Chromatin is found in the nucleus, the organ in the cell that acts as a command centre. Dr Hayakawa’s group stained the cells and were able to visualise chromatin dynamics by attaching one of the core histones, H4, to a green fluorescent protein (GFP) molecule and monitoring movement under a microscope during the differentiation process. They found that histones occupied different parts of the nucleus during differentiation. To test the mobility of histones, one half of the nucleus of cells that contained H4 attached to a green fluorescence molecule was bleached. Fluorescence intensity was then measured in the presence of cycloheximide, a drug that prevents protein synthesis. It was found that the histones in the TGCs did not move around as much as in the TSCs.
Variant histones maintain ‘loose’ nucleosomes in mature TGC
In another experiment, the scientists digested genomic DNA at day six of differentiation using a special protein known as a DNase enzyme and showed that bands became more blurred. DNA from undifferentiated cells showed distinct bands when digested, demonstrating that DNA becomes more loosely bound to histones the more the cell differentiates. To confirm this, the scientists exposed TSCs expressing H4-GFPs to increasing concentrations of salt buffer to disrupt DNA-protein bonds. They then viewed them by single-cell imaging using a machine called a microfluidic device which manipulated individual cells using optical tweezers. As the TSCs differentiated into TGCs, a decrease in binding DNA with histones was observed in the nucleus.
Based on Dr Hayakawa’s research, it was found that histone variants H2AX, H2AZ, and H3.3 were potentially responsible for the formation of the loose nucleosome structure that was unique to TGCs. When differentiated TSCs were prevented from making H3.3, DNA remained tightly wound around histones but when H3.3 protein levels were raised again in the cells, the nucleosomes became more ‘loose.’ In contrast, the research showed the converse effect with canonical histone H3.1.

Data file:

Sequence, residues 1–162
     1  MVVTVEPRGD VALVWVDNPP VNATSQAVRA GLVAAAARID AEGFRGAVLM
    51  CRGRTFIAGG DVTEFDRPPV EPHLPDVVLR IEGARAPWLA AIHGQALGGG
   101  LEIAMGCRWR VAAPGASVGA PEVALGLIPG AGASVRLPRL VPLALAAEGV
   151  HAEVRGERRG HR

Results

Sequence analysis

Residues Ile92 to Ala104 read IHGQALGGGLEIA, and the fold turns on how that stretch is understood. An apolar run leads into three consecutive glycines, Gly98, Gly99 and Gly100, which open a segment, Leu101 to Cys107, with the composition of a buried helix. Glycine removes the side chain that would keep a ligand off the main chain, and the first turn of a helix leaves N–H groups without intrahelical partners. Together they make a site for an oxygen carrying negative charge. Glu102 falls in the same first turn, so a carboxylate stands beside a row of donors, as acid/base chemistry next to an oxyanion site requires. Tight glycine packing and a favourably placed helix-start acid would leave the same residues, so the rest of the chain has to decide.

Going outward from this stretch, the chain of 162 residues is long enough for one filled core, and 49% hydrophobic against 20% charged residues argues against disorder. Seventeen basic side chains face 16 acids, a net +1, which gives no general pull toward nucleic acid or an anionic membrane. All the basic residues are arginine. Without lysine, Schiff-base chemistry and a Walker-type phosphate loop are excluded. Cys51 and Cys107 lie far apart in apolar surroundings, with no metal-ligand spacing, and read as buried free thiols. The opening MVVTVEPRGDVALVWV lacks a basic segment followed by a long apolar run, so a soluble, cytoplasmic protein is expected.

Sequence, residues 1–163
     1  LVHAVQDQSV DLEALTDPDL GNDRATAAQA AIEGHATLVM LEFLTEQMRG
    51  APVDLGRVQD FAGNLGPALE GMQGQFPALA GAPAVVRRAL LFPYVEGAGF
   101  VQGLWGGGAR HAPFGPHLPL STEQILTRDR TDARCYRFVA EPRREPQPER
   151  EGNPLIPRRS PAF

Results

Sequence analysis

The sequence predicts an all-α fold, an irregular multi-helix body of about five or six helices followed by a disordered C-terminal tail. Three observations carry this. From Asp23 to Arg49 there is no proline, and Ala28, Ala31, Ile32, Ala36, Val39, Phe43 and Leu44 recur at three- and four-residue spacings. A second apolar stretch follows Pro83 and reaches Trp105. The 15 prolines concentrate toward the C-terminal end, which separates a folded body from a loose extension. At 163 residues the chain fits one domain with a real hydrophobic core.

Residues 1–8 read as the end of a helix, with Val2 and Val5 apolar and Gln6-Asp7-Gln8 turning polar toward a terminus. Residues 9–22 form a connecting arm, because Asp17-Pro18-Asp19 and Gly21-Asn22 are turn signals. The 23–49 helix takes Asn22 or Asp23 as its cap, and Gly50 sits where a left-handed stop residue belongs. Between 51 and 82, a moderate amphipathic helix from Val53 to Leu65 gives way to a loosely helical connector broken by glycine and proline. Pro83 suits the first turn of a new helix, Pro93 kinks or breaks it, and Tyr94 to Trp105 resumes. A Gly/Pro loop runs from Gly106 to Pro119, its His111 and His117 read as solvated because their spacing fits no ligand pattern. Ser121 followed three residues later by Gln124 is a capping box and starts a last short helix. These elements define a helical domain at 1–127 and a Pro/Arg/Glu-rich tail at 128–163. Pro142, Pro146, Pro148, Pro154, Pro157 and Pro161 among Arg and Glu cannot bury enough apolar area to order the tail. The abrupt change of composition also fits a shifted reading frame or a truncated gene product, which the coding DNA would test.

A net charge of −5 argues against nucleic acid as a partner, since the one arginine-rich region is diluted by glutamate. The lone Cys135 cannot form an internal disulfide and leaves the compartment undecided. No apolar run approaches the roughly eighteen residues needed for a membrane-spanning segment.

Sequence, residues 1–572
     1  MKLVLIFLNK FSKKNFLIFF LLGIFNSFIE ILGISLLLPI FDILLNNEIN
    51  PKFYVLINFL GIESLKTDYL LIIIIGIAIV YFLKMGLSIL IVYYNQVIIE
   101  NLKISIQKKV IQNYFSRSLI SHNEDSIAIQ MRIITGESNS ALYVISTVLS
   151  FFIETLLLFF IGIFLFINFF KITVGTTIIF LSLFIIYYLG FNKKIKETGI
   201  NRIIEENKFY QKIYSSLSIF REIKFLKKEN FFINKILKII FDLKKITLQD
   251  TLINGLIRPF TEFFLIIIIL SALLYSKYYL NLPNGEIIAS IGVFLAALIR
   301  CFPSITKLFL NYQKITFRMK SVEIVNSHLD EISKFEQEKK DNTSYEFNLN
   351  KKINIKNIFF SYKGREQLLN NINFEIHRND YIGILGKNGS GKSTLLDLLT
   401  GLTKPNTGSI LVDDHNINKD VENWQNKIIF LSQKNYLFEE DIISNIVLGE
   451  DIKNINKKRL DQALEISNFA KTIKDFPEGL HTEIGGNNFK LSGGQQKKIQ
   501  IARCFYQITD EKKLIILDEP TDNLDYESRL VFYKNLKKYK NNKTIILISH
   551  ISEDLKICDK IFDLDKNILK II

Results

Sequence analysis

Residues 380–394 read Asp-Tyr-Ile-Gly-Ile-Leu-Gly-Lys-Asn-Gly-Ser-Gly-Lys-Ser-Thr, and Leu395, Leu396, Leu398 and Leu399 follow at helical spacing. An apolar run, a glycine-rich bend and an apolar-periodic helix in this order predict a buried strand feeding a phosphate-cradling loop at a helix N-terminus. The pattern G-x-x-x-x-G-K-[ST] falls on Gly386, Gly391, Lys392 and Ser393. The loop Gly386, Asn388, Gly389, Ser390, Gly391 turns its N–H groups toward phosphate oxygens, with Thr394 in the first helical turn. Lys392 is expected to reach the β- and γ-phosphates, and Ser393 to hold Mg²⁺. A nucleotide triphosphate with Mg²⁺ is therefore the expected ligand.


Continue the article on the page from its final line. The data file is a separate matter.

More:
Dr Hayakawa believes that H3.3 may be a key player in maintaining the polyploid state of the cell. In future, his team hope to analyse H3.3 distribution in the genome of TGCs. In addition, the researchers hope to analyse the distribution of H2AZ and H2AX within the genome of TGCs and determine which histone variants make up the chromatin regions observed in the nucleus of TGCs.
Assistant Professor Koji Hayakawa of the University of Tokyo investigates cell-type specific epigenetic regulation.
Lotte Shigemitsu Prize
Key lab members
- Kanae Terada
- Prof. Satoshi Tanaka
Collaborators for nucleosome stability analysis using microfluidic device
- Tomohiro Takahashi, (Department of Mechanical Engineering, The University of Tokyo)
- Assoc. Prof. Hidehiro Oana, (Department of Mechanical Engineering, The University of Tokyo)
- Prof. Masao Washizu, (Department of Mechanical Engineering, The University of Tokyo)
Koji Hayakawa earned a BS in animal reproduction from Hirosaki University and a MS from Hokkaido University. Eventually, he moved to the University of Tokyo and received his PhD. He is currently an Assistant Professor in the Department of Animal Resource Sciences at the University of Tokyo.
Assistant Professor Koji Hayakawa
University of Tokyo
1-1-1 Yayoi, Bunkyo-ku, Tokyo, Japan